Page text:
I can't figure out why the owner did not consult me after Vet 1's treatment was unsatisfactory in their opinion. This was what they did in April 2011 and then in November 2011. Proximity to Vet 1 was the reason given for this time-pressed couples.

"I would not go to the same car mechanic near my house if I know that he had not repaired my car to my satisfaction," I said frankly to the couple as they were the type who wanted answers to a death of the cat for knowledge and prevention and not for litigation. We could converse frankly rather than beat around the bush. "For car in bad state, it would be for safety reasons. For a pet, it could be a matter of life and death."

It was difficult to find the correct answers to this cause of death. I believe it was the cumulative effects of sedation. I could imagine that another dose of sedation was given (as stated in the records) every day as the cat showed ferocity when the litter was changed daily or frequently. There was the urinary bag attached to the catheter to be changed. Medical records stated the cat was "feisty" on two days and so sedation had to be given.

"What should we do if we have a cat?" the wife asked.

"Get a female cat," I said. "FLUTD is less likely in a female cat. For male cats or dogs with struvite urinary stones, a monthly urine test and 3-monthly X-rays for pets with struvite urinary stones is advised. But no cat owner will comply."

"Did you follow my instructions that the cat should not be given treats?" I asked. "I had recorded 'no treat' in the blood test result too." See:
http://www.kongyuensing.com/pic/20110555male-neutered-cat-house-shifting-FLUTD-urine-test-toapayohvets-singapore.jpg

The cat was given canned C/D diet after 2 months of S/D diet since April 2011 when the couple had consulted me.

"Well, 2 weeks before consulting Vet 1 in February (2012), I did give him dental treats."

"This should not be given," I said. "Struvites could be formed as a result and this lead to urination difficulty and an inflamed penis."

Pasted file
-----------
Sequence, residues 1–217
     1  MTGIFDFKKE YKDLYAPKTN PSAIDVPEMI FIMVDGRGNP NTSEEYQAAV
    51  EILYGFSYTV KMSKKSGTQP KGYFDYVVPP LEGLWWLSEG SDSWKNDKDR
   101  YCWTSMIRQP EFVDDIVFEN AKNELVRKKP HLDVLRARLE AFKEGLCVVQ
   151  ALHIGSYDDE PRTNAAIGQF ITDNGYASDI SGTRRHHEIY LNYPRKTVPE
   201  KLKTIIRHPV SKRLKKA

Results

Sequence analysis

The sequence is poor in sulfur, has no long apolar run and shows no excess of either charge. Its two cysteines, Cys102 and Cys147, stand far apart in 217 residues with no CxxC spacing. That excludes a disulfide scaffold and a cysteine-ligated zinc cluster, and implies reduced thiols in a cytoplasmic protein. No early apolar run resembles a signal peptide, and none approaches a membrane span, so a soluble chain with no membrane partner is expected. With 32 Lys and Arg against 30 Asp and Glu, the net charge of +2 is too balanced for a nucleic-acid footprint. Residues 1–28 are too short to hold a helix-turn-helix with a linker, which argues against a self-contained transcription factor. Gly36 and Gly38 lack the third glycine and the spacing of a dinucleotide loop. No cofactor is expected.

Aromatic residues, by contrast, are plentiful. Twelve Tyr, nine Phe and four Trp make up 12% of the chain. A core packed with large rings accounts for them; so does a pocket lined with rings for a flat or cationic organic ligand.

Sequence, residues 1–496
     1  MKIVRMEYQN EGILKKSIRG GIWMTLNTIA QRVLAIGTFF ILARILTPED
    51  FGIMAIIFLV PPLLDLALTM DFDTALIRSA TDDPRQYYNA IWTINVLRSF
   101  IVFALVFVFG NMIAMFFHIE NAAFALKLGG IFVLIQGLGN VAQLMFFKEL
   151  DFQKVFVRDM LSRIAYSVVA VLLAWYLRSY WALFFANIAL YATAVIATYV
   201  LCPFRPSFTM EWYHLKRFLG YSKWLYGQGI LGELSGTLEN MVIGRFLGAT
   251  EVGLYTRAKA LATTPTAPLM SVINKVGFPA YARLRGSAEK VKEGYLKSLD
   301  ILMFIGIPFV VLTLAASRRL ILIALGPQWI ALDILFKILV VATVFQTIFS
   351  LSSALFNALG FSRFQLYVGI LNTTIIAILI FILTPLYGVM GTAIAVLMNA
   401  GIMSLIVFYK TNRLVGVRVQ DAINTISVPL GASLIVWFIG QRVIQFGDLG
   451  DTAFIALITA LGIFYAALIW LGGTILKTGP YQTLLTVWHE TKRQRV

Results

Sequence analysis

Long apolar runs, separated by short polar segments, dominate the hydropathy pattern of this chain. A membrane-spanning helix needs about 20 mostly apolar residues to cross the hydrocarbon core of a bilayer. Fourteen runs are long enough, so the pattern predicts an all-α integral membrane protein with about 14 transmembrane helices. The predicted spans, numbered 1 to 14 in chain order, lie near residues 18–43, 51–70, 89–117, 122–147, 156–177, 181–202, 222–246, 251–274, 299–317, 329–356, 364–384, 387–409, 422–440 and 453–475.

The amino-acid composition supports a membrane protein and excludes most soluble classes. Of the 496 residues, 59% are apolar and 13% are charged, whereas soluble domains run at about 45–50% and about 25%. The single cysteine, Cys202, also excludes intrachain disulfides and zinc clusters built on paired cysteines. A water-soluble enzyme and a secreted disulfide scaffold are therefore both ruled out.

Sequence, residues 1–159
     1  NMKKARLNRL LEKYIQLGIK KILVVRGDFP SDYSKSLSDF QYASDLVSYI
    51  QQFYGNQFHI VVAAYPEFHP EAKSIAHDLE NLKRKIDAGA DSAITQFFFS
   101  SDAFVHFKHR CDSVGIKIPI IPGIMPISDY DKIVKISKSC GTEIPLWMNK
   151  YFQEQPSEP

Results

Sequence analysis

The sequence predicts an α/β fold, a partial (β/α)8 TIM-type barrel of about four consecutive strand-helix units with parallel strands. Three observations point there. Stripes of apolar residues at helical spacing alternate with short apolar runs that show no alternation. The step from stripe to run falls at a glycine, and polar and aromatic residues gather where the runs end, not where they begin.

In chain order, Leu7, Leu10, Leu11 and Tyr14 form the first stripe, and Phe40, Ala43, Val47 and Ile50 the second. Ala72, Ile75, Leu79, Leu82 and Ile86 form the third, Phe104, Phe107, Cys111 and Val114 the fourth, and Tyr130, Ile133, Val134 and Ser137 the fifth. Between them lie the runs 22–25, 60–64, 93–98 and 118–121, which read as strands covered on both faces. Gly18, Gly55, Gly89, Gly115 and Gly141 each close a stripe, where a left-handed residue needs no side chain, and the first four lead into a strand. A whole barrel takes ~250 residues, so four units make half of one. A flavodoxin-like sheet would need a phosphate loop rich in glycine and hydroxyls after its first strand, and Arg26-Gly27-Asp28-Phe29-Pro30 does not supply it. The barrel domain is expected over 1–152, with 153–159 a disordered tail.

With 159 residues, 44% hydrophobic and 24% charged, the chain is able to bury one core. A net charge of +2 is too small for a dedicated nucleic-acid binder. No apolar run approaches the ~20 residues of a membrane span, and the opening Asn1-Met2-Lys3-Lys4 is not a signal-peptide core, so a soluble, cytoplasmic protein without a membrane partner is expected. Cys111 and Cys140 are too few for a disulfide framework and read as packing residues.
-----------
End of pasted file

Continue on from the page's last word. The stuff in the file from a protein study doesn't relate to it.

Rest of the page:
"The penis was inflamed because the tip of the penis had been bitten off," the wife said. "You were the one who told us in April 2011. Do you remember? You extracted the broken canine tooth as that could be the cause of irritation and injury. So his penis was diagnosed 'inflamed' by Vet 1 but it was due to the fact that he had no tip."

Owners who love their pets very well remember all treatments like elephants as their pets are family. "I remember Tobi for his hissing at me," I said. "He did not like vets. Did you give other treats as well?"

"Some love letters, as it was Chinese New Year," the wife recalled.

"Some, but not all cats and dogs with a history of struvites in their urine cannot eat other food as the problem will come back to cause peeing difficulty," I said. Her cat was one of this category. If the owner gives a strictly controlled diet, usually there is no problem.

It was a sad day and I hope that the couple had received some answers as everyone learns from experience. There is no other way. Reading widely on your pet's health problems may give insights and knowledge of what had happened to other people's pet and thereby instituting preventive measures to ensure that your pet's health is optimal. For example, dental scaling to keep the teeth and mouth free from infection, enabling the cat to eat well and without pain. Cats need to groom themselves and therefore clean teeth without periodontal diseases are more important to them as compared to the dog.

Proximity to the vet surgery is convenient but sometimes, it is best to find a vet that can handle your pet's more complex health problems. A practice that has different doctors attending to your pet may not be in the interest of your pet. However the same vet treating your pet may not be suitable and a second opinion may be needed if the outcome of treatment is not to your satisfaction.

No comments:

Post a Comment